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Unusual Divorce & Marriage Laws Still in Existence

Divorce and family law is unfamiliar territory for most people. Even as some state laws seem complex and unusual, though, there are a number of truly bizarre marital laws that would be enough to make anyone raise an eyebrow.

At Moskowitz Law Group, LLC, our New Jersey divorce attorneys are dedicated to helping clients understand their rights and interests in divorce, as well as the various laws and issues that apply to their cases. While we take the law and our roles as advocates very seriously, we also find that looking at divorce laws from a different prospective can help provide a new and refreshing take on marriage and divorce, not to mention a few laughs.

Below is a list of some of the most unusual divorce and marriage laws still in existence throughout the U.S. and abroad.

  • In some countries, divorce is illegal – While divorce rates hit their peak in the U.S. in the 1980s and 1990s, they have still remained consistent throughout recent years. While that wasn’t always so common, it wasn’t because divorce was against the law. Americans have generally always had the right to divorce. In some countries, however, that isn’t the case. For example, divorce is still essentially illegal in the Philippines, though Filipino citizens who marry foreign citizens can divorce their spouse’s native country.
  • Some countries have many requirements for divorce – Even in countries where divorce is legal, it isn’t necessarily an easy process. In countries such as Chile, which only recently adopted some forms of legal divorce, prevailing law requires spouses to jump through many hoops before their divorce can be granted. This includes providing a valid reason for the divorce, as well as a lengthy separation period of up to several years.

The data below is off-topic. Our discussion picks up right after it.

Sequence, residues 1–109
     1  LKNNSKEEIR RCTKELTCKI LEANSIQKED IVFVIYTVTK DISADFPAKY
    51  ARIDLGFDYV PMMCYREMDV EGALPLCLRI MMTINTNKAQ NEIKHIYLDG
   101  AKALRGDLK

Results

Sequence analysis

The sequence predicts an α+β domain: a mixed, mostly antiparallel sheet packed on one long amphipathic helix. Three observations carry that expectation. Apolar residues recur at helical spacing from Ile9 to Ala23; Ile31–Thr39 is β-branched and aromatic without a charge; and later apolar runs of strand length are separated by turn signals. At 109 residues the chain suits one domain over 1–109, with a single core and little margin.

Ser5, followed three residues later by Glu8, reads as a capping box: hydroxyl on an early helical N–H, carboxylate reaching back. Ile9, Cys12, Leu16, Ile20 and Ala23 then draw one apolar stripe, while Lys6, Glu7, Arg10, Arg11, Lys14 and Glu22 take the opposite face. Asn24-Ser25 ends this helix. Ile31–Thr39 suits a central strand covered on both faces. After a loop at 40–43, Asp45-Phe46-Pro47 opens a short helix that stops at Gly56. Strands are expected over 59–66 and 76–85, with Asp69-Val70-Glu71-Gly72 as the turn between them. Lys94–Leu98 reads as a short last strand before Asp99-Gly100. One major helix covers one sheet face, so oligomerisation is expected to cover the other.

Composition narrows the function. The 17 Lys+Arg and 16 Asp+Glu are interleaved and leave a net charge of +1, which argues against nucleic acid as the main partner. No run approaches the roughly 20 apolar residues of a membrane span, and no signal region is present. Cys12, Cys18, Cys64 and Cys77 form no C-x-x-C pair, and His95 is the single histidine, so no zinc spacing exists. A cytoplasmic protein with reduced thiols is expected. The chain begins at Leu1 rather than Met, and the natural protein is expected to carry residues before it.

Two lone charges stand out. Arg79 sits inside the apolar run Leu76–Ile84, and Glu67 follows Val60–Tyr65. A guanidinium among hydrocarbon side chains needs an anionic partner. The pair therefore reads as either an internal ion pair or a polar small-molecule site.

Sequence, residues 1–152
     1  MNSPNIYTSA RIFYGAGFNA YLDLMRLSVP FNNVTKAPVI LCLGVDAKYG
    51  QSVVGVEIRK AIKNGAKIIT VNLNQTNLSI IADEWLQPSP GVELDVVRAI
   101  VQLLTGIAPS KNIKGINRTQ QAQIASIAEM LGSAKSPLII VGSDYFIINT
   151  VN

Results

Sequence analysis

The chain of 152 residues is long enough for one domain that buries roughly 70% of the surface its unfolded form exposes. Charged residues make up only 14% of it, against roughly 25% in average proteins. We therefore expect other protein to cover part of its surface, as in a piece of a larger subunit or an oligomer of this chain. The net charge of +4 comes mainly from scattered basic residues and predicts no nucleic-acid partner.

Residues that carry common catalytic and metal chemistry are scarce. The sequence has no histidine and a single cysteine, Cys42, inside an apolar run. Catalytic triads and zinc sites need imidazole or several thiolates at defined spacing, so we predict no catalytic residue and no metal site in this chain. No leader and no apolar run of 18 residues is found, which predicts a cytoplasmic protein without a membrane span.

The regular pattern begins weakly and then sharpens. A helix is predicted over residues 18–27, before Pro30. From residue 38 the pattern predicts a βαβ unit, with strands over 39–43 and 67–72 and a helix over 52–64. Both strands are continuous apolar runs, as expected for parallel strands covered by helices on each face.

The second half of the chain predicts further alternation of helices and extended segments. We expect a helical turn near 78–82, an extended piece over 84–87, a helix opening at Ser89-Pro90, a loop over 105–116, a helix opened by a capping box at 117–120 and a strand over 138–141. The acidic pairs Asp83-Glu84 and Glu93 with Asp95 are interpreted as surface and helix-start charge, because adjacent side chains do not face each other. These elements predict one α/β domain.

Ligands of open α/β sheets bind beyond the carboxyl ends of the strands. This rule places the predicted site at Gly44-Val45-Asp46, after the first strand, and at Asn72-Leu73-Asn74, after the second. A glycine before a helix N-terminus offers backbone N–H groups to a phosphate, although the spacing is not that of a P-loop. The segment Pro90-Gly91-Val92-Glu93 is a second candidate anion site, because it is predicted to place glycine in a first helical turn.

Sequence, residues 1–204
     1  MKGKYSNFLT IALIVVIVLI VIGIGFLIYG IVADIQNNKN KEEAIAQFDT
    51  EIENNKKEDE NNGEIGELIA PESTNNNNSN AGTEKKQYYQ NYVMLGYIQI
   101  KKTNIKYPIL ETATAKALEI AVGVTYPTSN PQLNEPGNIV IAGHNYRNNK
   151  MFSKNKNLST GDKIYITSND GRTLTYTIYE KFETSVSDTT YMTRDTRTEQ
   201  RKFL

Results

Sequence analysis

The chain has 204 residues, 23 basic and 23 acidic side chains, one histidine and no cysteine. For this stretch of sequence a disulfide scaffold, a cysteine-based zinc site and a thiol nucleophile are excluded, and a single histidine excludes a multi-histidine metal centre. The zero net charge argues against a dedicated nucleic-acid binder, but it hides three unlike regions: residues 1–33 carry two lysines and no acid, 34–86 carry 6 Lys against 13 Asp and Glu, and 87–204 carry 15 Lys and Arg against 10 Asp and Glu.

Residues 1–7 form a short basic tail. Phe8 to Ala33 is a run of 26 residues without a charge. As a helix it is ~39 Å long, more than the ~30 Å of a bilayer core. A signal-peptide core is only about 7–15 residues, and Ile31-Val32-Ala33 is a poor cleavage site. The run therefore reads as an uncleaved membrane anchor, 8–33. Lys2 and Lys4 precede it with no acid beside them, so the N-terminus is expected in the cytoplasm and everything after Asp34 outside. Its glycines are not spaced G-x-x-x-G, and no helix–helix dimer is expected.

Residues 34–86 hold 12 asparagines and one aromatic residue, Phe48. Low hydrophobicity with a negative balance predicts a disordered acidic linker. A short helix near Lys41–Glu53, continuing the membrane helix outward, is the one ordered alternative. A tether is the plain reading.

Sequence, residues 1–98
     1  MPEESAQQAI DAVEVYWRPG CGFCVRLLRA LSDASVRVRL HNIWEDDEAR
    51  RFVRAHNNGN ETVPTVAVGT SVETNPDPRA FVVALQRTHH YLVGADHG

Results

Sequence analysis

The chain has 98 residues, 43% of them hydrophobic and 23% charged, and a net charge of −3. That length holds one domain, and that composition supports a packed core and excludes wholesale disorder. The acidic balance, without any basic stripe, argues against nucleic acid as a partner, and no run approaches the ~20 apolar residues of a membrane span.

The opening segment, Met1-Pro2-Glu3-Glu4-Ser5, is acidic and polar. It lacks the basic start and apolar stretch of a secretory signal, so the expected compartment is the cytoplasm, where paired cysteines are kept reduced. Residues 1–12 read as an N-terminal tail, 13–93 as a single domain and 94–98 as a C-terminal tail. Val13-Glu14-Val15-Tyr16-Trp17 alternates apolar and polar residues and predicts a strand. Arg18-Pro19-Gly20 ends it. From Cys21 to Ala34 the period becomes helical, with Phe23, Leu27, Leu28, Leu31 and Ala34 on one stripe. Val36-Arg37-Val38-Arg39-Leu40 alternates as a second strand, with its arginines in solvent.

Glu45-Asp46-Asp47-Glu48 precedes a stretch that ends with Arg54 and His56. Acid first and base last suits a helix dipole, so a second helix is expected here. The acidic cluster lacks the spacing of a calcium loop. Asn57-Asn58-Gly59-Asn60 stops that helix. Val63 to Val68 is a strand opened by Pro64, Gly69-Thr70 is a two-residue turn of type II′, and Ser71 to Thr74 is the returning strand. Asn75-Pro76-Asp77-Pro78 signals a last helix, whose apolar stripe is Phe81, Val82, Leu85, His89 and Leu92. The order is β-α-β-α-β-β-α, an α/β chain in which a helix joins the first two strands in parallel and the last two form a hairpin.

• Divorce and remarriage – While not very common, there are many stories of spouses who divorce and remarried again after rekindling their relationships. In Kentucky, however, state law puts its foot down for any couple that looks to marry after already getting divorced three times, as remarrying the same person four times is technically illegal.
  • Grounds for divorce – In the U.S., spouses can choose a no-fault divorce, which means they don’t have to cite a specific reason or injustice for terminating a marriage (although there are still fault-based divorces). Even when they do choose to cite a grounds for divorce, those reasons typically make sense (i.e. domestic violence or a criminal conviction and incarceration). In some states, however, there are more unusual reasons for getting a divorce. This includes a law from Wichita, Kansas which allows divorce in cases where a spouse mistreats their mother-in-law, and a Tennessee law that allows “attempted murder” as a valid justification for calling it quits. Other countries have some strange grounds for divorce as well. In Samoa, for example, women with husbands who forget their birthdays have a legal basis to divorce them, as do women in Saudi Arabia whose husbands fail to bring them fresh coffee each day.
  • Jokes and dares – Marriage proposals are serious business for most couples, but the state of Delaware seems to think that not all marriages are rooted in serious terms. One Delaware state law still in effect allows couples who marry in jest or on a dare, even if it was just one spouse who did, to file for an annulment.

While many of these divorce laws are simply outdated, were passed at a time when local jurisdictions faced different issues, or are simply unusual when compared to current U.S. marital laws, it is important to remember that there are numerous laws, regulations, and rules of procedure that govern marriage and any proceeding designed to terminate that marriage. In short, if there is anything to be learned from this list, it is that marriage and divorce are indeed legal matters subject to the law.

If you have questions involving divorce laws as they exist today in New Jersey or New York, our legal team at Moskowitz Law Group, LLC is available to answer them. Our attorneys represent individuals and families in a range of divorce and family law matters, and is prepared to review your particular situation and discuss how we may be able to help. Contact us today for a free case review.